• Given the level of wealth our societies gave there is no excuse not to make everyone meet his basic needs without having to fall into ridiculously inefficient means-tested programs, without stigmatizing those in need.

Kickstarting a basic income movement in France

Three years ago, we were no more a couple of guys around the web corner talking about basic income in France. Some of them called it “life income”, citizens’ income or “universal allowance”. Post after post, we would discuss hours and hours on the best way to finance it, the killer argument EVER to convince anyone.

But we had not understood yet the whole dimension of basic income — a Cultural Impulse.

Basic income — A cultural Impulse” is the title of a swiss movie you can see on youtube and here in 23 languages. Most of all, the movie was an important driver of the basic income movement in Germany, Switzerland, and France, thankfully to the french dubbed version provided by the Swiss Basic Income Earth Network.

Basic income is a cultural impulse in the sens that the idea itself not only gives hope, but also convey a lot of values such as citizenship, trust, the Commons, freedom, dignity… Once you understand basic income, all these others concepts emerge as an avalanche of new perspectives on how society, economics should work. Basic income is not just another idea. It is an idea that indirectly inspires change, both at the personal level and in the interaction with people and society.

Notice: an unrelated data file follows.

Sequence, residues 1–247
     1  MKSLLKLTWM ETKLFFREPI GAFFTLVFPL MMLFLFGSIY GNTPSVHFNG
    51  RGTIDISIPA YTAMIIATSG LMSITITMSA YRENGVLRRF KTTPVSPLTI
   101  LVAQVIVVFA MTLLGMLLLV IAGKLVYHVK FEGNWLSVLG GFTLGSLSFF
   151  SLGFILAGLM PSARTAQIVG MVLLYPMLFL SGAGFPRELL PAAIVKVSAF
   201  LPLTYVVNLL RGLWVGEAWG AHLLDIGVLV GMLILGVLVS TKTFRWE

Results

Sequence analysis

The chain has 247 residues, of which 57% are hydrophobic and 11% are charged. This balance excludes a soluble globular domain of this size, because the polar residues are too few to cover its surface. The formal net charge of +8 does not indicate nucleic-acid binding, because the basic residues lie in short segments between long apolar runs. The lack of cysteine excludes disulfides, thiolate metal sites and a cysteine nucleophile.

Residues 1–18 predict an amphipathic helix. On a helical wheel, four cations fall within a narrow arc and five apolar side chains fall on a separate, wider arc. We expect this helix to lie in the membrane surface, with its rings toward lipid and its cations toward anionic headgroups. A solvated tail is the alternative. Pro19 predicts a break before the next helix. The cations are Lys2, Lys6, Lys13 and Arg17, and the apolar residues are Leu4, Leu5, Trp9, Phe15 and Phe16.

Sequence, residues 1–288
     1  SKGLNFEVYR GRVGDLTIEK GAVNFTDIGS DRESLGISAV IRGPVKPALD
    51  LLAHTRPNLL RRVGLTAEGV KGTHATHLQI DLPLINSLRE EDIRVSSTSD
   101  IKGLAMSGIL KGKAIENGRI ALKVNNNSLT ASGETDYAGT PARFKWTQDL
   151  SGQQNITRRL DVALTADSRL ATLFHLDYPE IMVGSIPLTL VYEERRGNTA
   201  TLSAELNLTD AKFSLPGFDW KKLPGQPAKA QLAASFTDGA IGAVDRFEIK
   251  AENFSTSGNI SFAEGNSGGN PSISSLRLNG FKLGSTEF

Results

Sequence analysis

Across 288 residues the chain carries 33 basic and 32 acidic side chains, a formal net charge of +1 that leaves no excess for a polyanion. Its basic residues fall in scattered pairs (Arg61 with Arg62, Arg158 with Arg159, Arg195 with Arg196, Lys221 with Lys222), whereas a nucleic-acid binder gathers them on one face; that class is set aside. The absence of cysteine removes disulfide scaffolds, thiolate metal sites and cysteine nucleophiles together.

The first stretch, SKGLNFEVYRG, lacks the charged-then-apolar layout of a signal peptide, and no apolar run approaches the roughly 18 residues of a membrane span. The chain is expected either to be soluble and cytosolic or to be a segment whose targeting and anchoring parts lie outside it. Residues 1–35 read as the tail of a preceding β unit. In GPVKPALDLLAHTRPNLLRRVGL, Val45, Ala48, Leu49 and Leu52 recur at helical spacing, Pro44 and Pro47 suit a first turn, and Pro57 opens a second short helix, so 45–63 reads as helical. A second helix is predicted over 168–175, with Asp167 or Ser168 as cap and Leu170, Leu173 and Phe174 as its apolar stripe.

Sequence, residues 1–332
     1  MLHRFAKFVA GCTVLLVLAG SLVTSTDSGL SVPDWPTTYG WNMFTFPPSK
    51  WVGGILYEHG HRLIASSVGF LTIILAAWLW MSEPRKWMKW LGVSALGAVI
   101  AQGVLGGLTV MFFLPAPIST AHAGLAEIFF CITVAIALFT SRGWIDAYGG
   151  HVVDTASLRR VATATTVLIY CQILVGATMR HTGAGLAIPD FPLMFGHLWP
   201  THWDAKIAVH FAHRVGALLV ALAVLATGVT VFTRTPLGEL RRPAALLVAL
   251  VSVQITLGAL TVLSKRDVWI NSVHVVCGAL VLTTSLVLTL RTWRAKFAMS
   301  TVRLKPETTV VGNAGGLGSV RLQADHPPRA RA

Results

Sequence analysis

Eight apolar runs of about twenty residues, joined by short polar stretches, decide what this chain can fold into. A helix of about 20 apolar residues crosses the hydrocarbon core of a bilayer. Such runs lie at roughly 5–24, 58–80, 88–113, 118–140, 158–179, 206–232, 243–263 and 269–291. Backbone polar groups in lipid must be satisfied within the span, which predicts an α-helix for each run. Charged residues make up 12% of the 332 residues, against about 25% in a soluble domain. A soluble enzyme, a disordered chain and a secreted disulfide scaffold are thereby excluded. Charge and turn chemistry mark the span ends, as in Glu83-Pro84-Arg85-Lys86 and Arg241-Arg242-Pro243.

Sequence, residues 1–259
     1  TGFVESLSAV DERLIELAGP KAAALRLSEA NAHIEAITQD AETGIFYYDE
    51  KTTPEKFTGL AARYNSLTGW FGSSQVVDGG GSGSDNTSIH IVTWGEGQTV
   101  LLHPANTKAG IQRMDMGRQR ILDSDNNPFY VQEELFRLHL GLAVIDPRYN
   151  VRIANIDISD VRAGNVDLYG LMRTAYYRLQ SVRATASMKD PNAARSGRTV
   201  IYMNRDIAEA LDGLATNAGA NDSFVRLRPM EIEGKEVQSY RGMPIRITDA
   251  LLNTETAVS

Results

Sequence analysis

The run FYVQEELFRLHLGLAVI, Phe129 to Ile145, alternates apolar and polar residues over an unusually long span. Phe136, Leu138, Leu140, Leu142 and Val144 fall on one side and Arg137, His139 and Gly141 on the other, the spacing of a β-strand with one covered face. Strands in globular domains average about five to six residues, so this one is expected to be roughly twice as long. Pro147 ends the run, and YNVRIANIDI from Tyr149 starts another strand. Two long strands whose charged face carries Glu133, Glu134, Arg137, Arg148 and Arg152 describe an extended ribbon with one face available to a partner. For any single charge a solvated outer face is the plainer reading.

Gradually, people started to gather on the internet. Every new article in the blogosphere created new connexions between people, brought further attention. Eventually, it stimulated ‘in real life’ meetings, and very often ended up with strong friendships. Finally emerged a community of people sharing the same values, regardless of social background, political opinions, personal lifestyles.

For a long time, we had a common goal without a common strategy. With the presidential elections coming soon, many of us were expecting that finally some of the candidates would show up and bring the basic income on the table. No one did.